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Fieldays a Catalyst for Agritech Industry

Fieldays a Catalyst for Agritech Industry Export Growth

11 June 2004 -- New Zealand National Fieldays will provide a springboard for local agritechnology companies looking to export world-class Kiwi ingenuity, according to New Zealand Trade and Enterprise.

Agricultural technology firms already contribute significantly to New Zealand’s economic wealth in earning over $3 billion each year. The challenge, according to New Zealand Trade and Enterprise’s (NZTE) director of Agritech and Life Sciences David Powell, is to further internationalise the sector.

“Currently New Zealand’s agritech industry earns $650 million from exports, but our medium term goal is increase this to $1 billion. The diverse sector includes pre-harvest input such as seeds, fertilisers, genetics and animal health products, along with machinery, software, fencing and even agricultural tourism. To achieve this goal we formed, and are continuing to collaborate with New Zealand Agritech Inc (NZA) on a number of initiatives to build the industry’s capability and enlarge the range of niche high-margin products. NZTE is also working with the agritech industry to increase the number of markets using pasture based farming systems, so as to create more markets for New Zealand technologies.”

Since the 2003 Fieldays NZTE has adopted a partnership approach with NZA to encourage further exports to the primary market of Australia and emerging markets such as South America. “Fieldays is significant as the largest agricultural event in the Southern Hemisphere. Last year it attracted 125,000 visitors including 3000 from 45 different countries. The key event generated around $74 million in direct business and contributed to over $225 million in sales. Using Fieldays strategically will help our businesses access new global markets, expand international linkages, and showcase world-class capabilities.”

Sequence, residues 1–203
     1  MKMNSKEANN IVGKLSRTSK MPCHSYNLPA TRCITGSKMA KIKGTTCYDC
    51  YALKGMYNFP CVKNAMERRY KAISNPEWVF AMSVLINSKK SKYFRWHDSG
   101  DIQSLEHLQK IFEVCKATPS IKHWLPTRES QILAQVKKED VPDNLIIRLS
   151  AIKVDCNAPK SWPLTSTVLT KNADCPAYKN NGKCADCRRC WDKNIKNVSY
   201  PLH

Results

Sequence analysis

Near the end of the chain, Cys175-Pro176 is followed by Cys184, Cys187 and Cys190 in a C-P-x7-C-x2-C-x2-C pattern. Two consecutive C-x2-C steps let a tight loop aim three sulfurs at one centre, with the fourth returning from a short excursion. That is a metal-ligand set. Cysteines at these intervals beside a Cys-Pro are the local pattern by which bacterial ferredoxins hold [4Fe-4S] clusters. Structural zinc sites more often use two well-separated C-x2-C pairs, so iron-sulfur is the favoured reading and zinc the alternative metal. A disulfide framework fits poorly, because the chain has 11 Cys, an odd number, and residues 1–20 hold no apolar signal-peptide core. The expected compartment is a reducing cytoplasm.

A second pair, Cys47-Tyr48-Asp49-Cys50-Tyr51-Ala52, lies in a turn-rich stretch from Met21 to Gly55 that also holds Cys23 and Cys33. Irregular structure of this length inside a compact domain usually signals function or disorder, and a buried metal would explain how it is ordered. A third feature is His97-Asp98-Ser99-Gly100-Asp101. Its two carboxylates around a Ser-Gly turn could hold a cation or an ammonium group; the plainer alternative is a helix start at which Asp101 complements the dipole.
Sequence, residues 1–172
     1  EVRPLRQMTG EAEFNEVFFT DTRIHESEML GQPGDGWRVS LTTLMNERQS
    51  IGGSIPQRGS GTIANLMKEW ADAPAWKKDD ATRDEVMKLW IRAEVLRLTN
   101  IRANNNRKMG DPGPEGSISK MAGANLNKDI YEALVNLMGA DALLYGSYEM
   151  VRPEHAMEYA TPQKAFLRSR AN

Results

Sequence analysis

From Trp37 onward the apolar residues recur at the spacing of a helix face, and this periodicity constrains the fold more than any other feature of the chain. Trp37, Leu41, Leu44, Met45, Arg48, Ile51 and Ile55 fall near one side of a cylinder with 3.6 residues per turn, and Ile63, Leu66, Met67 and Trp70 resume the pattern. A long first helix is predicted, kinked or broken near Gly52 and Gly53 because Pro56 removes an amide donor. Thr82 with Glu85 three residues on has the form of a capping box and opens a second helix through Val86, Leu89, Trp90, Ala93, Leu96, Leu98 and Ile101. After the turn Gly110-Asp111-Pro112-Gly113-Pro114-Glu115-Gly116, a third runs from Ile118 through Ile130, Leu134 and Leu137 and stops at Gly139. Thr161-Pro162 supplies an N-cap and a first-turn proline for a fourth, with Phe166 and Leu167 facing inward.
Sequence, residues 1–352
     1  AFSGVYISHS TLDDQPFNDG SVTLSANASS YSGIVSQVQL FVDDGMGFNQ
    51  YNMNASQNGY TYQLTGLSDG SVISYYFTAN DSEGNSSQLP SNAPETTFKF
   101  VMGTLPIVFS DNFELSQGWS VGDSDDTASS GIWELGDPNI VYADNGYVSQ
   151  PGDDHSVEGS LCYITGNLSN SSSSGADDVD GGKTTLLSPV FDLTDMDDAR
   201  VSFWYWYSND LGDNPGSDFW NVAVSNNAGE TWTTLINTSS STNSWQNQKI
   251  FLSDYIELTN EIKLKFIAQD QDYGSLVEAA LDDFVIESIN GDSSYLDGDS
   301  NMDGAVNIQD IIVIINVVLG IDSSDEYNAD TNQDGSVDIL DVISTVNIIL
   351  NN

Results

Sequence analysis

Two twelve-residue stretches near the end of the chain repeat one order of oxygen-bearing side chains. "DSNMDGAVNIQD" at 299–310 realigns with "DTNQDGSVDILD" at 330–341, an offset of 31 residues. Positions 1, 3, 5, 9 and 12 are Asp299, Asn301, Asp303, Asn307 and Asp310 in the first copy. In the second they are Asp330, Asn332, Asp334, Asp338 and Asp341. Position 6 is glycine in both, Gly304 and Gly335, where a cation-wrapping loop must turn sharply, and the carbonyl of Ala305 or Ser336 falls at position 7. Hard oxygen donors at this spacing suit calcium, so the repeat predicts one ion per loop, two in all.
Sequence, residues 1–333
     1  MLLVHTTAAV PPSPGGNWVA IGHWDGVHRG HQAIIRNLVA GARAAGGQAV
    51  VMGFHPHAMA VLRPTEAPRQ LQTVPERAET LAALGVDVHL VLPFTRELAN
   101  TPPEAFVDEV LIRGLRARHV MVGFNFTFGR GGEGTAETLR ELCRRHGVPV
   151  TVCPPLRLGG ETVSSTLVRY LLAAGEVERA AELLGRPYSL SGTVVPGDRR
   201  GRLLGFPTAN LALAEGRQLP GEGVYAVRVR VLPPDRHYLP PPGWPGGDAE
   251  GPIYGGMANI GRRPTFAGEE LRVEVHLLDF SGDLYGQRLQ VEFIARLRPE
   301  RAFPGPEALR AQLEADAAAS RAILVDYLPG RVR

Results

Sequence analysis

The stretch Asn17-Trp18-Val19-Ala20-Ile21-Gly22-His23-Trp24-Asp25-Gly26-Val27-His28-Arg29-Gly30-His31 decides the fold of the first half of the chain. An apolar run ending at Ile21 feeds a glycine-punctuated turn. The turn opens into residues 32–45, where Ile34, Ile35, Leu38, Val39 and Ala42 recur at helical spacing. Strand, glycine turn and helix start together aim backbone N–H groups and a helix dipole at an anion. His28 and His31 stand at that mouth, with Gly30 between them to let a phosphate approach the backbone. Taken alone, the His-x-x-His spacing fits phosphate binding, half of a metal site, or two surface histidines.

NZTE is co-funding and supporting a variety of endeavours associated with Fieldays, including an exporters breakfast, an industry dinner, the launch of a CD-Rom project and the hosting of international media and distributors.

Like last year, distributors, agents and buyers are being brought over from Australia, along with two distributors from South America, says Powell. “We are focusing on our largest and closest trading partner Australia and the South American markets of Chile and Uruguay where there are significant opportunities for growth. NZTE and NZA are also hosting journalists from influential publications in Australia and Canada to join the expected 120 journalists covering Fieldays. One writer is from Australia’s Weekly Times which has a circulation of 75,000 in Victoria, while the Canadian journalist contributes to a number of influential agricultural publications, including the Western Producer, the largest agricultural publication in Canada. Both the international distributors and media will enjoy the four day event and special networking and educational functions as well as tours and site visits before and after Fieldays.”

The journalists, distributors, agents, exporters and buyers will be among the 100 attending the Export breakfast where high profile agri-business leader Craig Norgate will speak. “Being in the public eye Craig Norgate is a drawcard and his ideas for the rural sector will be of wide interest,” says Powell. “He has some strong messages for exporters and what New Zealand has to do to compete offshore.”

New Zealand Agritech chief executive John Wilson says more than 200 people are expected for the agritech industry dinner also on 17 June. “It is designed as a networking event for exporters, buyers, distributors and media. The dinner will also feature the launch of an innovative CD-Rom project to promote New Zealand’s agricultural excellence.”

NZA, formed as a Joint Action Group in 1987 to assist companies expand their businesses and increase exports, currently has 70 full members and 28 associates. “We act as a conduit of information between the industry and central government by facilitating offshore tradeshows, raising the industry’s capabilities through training and seminars, providing networking opportunities and acting as an advocate for the industry.”

Wilson says Fieldays is a major opportunity to raise the profile of agritech, and also develop relationships with agritech companies to help more firms to export. “It is great to be working with NZTE, as we couldn’t do it on our own. Collaboration between government and private enterprise, combined with a cluster approach means we can fast-track the growth of more export-oriented companies.”

ENDS

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